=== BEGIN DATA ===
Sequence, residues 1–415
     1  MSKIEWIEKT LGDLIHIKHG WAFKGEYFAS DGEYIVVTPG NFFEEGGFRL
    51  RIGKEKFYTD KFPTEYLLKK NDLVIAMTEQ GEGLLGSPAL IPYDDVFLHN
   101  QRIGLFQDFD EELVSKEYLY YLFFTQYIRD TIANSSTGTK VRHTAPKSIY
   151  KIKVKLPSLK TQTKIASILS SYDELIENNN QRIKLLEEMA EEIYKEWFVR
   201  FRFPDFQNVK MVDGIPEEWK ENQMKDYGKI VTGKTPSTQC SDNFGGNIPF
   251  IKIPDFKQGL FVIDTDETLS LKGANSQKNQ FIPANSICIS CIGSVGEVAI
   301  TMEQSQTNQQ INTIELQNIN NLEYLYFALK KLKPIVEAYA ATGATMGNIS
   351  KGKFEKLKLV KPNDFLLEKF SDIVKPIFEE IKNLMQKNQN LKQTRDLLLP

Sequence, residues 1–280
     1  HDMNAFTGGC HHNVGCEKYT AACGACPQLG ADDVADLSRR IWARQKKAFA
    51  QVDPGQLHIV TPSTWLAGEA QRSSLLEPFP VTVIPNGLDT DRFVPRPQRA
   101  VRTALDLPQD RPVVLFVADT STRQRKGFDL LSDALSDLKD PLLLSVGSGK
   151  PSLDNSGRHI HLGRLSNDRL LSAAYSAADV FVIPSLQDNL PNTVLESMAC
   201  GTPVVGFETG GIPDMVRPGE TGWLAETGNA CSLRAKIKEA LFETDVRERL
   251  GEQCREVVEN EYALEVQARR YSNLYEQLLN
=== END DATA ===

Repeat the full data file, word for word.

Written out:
Sequence, residues 1–415
     1  MSKIEWIEKT LGDLIHIKHG WAFKGEYFAS DGEYIVVTPG NFFEEGGFRL
    51  RIGKEKFYTD KFPTEYLLKK NDLVIAMTEQ GEGLLGSPAL IPYDDVFLHN
   101  QRIGLFQDFD EELVSKEYLY YLFFTQYIRD TIANSSTGTK VRHTAPKSIY
   151  KIKVKLPSLK TQTKIASILS SYDELIENNN QRIKLLEEMA EEIYKEWFVR
   201  FRFPDFQNVK MVDGIPEEWK ENQMKDYGKI VTGKTPSTQC SDNFGGNIPF
   251  IKIPDFKQGL FVIDTDETLS LKGANSQKNQ FIPANSICIS CIGSVGEVAI
   301  TMEQSQTNQQ INTIELQNIN NLEYLYFALK KLKPIVEAYA ATGATMGNIS
   351  KGKFEKLKLV KPNDFLLEKF SDIVKPIFEE IKNLMQKNQN LKQTRDLLLP

Sequence, residues 1–280
     1  HDMNAFTGGC HHNVGCEKYT AACGACPQLG ADDVADLSRR IWARQKKAFA
    51  QVDPGQLHIV TPSTWLAGEA QRSSLLEPFP VTVIPNGLDT DRFVPRPQRA
   101  VRTALDLPQD RPVVLFVADT STRQRKGFDL LSDALSDLKD PLLLSVGSGK
   151  PSLDNSGRHI HLGRLSNDRL LSAAYSAADV FVIPSLQDNL PNTVLESMAC
   201  GTPVVGFETG GIPDMVRPGE TGWLAETGNA CSLRAKIKEA LFETDVRERL
   251  GEQCREVVEN EYALEVQARR YSNLYEQLLN